New London, CT
Coastal Fishing Along the Whaling City
By Tom Migdalski
A dense school of small stripers crashes tiny peanut bunker (juvenile menhaden) off Waterford. Although bass stay up near the surface longer than bonito or false albacore, you must be prepared to search and then dash-and-cast with speed and precision, which makes for a very sporting outing. ALL PHOTOS BY TOM MIGDALSKI
For the last several years, massive schools of small striped bass have marauded the surface along southeast Connecticut’s New London County. The action starts in midsummer and can last into November, presenting an outstanding opportunity for fly anglers.
“One afternoon last August,” says expert tier and angler Vince Battista, “we watched schools of stripers corralling baitfish along a stretch of rocky beach in Waterford, where they staged at the top of the water column and fed for an entire tide. At times, the commotion was loud and close enough to drown out the idling outboard. These fish were juvenile bass, or ‘schoolies,’ of 14 to 24 inches, and at that size they’re eager to inhale a fly. I lost count of hookups.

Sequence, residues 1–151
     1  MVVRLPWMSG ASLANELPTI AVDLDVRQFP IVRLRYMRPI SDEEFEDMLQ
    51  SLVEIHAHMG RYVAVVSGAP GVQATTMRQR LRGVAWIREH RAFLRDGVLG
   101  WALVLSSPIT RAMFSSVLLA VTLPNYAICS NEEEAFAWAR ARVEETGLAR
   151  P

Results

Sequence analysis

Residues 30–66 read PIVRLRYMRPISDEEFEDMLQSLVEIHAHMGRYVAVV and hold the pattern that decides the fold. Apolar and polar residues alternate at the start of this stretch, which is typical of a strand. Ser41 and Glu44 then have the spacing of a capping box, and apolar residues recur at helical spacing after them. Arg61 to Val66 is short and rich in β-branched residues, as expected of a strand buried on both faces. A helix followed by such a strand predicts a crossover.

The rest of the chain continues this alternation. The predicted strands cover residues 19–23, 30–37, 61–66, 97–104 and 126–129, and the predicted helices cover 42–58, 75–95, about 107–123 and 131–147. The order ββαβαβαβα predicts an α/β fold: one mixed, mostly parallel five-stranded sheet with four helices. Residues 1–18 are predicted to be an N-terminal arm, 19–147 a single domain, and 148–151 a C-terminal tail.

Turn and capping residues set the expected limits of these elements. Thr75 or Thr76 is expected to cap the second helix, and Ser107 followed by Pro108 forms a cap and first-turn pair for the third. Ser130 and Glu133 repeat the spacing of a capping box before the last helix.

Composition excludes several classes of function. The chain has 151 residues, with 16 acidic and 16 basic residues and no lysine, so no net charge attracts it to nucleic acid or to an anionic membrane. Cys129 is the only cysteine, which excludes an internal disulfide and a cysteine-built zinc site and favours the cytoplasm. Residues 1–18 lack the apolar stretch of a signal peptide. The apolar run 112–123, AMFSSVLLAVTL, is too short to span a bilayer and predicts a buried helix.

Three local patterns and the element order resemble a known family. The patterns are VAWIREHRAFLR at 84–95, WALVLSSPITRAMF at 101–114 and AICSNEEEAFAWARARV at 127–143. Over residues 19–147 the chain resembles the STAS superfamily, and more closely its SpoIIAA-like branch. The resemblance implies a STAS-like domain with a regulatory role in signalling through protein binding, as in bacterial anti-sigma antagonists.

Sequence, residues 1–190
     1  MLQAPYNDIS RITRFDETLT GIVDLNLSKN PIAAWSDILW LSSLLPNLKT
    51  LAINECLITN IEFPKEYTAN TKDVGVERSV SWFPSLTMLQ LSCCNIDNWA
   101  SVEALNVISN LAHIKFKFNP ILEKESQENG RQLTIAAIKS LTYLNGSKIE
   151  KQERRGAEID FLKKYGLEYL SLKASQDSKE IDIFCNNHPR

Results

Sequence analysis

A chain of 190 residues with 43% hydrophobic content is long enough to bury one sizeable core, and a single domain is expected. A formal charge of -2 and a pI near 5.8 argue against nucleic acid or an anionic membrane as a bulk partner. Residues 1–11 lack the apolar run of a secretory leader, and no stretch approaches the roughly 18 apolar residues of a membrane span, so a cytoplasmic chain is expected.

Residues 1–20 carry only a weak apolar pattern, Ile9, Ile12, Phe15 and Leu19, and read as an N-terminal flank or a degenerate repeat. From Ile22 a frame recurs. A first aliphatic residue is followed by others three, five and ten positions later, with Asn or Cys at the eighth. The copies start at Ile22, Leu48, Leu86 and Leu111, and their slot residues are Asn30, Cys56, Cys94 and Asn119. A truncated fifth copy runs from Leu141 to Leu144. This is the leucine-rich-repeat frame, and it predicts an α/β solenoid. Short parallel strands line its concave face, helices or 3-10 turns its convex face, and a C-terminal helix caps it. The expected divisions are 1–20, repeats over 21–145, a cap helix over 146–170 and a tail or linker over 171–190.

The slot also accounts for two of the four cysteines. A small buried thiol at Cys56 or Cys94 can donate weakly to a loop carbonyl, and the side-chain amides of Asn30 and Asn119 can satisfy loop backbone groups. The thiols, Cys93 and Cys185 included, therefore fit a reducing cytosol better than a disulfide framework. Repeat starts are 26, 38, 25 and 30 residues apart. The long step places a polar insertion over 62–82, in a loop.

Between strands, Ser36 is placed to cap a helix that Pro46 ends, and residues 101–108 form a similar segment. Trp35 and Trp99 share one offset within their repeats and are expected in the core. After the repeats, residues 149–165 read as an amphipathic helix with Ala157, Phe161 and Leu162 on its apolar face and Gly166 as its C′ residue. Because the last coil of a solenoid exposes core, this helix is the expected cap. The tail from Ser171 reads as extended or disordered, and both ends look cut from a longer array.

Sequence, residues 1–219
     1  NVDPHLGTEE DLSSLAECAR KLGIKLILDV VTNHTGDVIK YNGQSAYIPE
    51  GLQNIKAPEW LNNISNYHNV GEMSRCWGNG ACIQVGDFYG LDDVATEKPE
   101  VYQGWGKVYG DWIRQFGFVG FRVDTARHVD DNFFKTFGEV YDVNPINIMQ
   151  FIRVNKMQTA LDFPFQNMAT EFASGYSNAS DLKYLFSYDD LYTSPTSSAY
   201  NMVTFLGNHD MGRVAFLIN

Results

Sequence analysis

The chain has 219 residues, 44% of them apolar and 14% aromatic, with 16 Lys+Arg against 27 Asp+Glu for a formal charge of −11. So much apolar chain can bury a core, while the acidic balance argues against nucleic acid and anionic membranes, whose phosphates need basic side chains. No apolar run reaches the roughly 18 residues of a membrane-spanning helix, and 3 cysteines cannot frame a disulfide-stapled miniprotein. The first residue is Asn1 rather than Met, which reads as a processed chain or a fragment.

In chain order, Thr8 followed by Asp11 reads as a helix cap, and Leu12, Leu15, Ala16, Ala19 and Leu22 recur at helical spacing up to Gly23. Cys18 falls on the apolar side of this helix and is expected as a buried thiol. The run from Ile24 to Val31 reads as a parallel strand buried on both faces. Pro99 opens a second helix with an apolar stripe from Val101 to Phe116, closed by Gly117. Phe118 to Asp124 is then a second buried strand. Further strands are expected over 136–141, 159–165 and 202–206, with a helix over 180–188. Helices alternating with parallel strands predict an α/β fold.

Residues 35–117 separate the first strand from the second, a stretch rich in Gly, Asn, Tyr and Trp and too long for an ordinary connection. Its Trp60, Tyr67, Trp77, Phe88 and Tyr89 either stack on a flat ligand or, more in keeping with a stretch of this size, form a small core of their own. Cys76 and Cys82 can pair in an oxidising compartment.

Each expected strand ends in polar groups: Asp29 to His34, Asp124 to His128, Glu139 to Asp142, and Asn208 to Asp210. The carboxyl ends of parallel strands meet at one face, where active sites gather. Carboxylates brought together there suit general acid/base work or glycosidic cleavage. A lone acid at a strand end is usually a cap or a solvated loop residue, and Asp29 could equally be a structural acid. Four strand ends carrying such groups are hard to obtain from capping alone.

“The trick to targeting these bass is mobility, because they’re up and down. You must be willing to switch presentations as the conditions change, and be on the lookout for bombing birds and surface explosions that are often near structure. These fish are present, on and off, for about a half year, and reduced bluefish numbers means schoolies don’t have much competition for food or flies.”